How to Grow Your Sales with Social Styles
Tim Deuitch joins Susan Hall for Episode 6 of the Strategic Insights Podcast.Read more
Today’s corporate lunch rooms, airports, and business magazines are full of cautionary tales about Americans botching deals in foreign countries because they are not aware of various cultural “do’s and taboos.” While the stories tend to generalize a culture’s habits and customs, some tales have become almost legendary among business travelers.
In one story, an unfortunate American asks about his Islamic colleague’s wife (which is considered insolent), then shows the sole of his shoe (a major insult) while they sit cross-legged on the floor. A second tells of an American who humiliates herself and her Japanese colleague by pointing out his achievements at a meeting. She doesn’t know the Japanese credo: “The nail that sticks out gets hammered down.”
If your company is involved in the global business market, then you already understand the importance of developing productive, lasting relationships with your international contacts. But what if you’ve already committed a cultural no-no?
Learning the do’s and taboos of a particular culture is a starting point, but this information alone can not provide you with the entire picture. What more does it take to be as in touch, informed, and accessible to your international contacts as possible? How can you progress from the simple dos and don’ts to a more global mindset?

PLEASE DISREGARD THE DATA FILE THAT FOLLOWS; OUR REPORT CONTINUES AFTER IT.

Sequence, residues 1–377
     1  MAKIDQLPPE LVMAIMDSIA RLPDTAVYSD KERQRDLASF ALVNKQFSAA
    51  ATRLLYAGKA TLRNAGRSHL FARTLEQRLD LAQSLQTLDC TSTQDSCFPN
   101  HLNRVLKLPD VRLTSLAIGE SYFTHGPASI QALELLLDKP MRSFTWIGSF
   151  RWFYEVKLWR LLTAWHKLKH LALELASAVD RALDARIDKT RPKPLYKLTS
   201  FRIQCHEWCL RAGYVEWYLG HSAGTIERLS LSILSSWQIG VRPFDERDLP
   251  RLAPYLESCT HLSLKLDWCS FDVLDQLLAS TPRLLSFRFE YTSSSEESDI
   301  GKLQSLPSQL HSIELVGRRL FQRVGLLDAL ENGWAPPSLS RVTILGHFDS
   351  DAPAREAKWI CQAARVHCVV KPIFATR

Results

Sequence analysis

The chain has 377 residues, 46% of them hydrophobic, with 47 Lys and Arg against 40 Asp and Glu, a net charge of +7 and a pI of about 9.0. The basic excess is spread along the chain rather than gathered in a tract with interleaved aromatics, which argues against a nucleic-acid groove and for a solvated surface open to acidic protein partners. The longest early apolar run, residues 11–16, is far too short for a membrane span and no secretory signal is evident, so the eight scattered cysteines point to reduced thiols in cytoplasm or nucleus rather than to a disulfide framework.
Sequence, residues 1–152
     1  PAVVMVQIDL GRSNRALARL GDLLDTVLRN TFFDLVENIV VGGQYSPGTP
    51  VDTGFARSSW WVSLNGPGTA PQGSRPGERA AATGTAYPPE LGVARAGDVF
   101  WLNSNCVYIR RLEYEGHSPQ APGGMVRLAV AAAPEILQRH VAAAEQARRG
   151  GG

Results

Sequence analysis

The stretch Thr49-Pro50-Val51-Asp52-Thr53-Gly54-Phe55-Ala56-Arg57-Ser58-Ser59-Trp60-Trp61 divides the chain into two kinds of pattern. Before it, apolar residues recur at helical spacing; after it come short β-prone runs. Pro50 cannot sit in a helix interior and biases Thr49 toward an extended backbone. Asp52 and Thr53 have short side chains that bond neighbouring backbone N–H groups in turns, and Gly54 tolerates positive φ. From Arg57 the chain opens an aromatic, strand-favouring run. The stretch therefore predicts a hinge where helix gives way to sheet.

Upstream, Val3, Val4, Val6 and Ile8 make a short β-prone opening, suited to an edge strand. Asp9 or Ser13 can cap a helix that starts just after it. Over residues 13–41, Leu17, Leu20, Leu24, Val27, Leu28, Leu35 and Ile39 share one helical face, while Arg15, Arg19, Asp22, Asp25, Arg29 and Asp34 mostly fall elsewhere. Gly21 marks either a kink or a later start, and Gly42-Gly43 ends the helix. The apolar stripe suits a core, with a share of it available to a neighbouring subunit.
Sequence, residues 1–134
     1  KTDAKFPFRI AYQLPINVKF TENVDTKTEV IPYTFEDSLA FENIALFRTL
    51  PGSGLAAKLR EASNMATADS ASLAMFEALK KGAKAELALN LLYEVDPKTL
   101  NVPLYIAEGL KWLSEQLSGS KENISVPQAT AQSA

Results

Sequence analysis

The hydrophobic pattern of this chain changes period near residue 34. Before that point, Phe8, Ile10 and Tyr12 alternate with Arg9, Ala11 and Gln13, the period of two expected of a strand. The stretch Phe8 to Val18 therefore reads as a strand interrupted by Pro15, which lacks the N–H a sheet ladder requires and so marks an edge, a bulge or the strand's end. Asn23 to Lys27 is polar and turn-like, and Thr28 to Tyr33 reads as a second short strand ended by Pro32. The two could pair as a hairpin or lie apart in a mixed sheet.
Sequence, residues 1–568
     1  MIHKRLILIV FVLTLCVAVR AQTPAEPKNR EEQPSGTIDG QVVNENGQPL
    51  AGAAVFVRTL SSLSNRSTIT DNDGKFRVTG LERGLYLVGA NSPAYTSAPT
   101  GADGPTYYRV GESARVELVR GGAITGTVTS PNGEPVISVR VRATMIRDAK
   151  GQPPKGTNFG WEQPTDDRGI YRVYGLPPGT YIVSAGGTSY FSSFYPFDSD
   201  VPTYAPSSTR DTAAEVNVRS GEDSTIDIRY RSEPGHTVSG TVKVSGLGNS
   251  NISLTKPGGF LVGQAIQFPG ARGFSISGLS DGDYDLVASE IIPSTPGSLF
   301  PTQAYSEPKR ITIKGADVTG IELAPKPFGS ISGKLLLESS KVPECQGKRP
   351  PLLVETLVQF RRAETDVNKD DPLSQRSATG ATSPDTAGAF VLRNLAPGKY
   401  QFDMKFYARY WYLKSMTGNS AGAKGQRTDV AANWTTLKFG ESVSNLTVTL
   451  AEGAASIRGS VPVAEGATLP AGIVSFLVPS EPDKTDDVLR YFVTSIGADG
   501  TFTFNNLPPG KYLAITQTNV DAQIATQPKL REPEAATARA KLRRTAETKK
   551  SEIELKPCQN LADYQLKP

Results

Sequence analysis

According to Bob Parks, president of Strategic Enhancement Group, the solution involves “taking our clients’ awareness to a deeper level by revealing the actual reasons for the cultural differences that impact business.”
Consider the Mexican business person who becomes detached when her American guest persists in discussing business before establishing a relationship. Knowing the skipping-over-small-talk taboo helps, but learning the underlying reasons why she would take offense leads to useful insights, such as her business values and buying behaviors.
Understanding the Mexican business person’s culturally-ingrained belief that “One works to live, one doesn’t live to work,” set the stage for increasing the effectiveness of the relationship. Using this knowledge, the American will know how to open the deal more effectively, close it more successfully, or maintain it over time.
While developing a global structure for your organization may seem like the best way to take advantage of new market opportunities, how can you be certain that you have the people you need to make your global ventures successful?
According to Mary Beth Lamb, co-author of Do’s and Taboos for Women Around the World in Business, having the right people is key. “Companies fail when they put a global strategy and structure in place, but don’t develop global people who can make the strategy work. To develop products, services, and strategies that work worldwide, companies need employees who can operate effectively outside their own national boundaries. Nothing will slow a company down more than a workforce limited by an ethnocentric mindset and with experiences tested solely in a domestic environment.”
When you access the right global effectiveness program, the plan is straightforward. “What we have to do,” says Lamb, “is help these two groups, that is, employees with global responsibilities, and international transferees, build global mindsets and skill sets.”
The result is a globally effective workforce, one that can accommodate and adapt to differences in thinking, behaving, and communicating worldwide. The business benefit is peak performance and maximum competitiveness.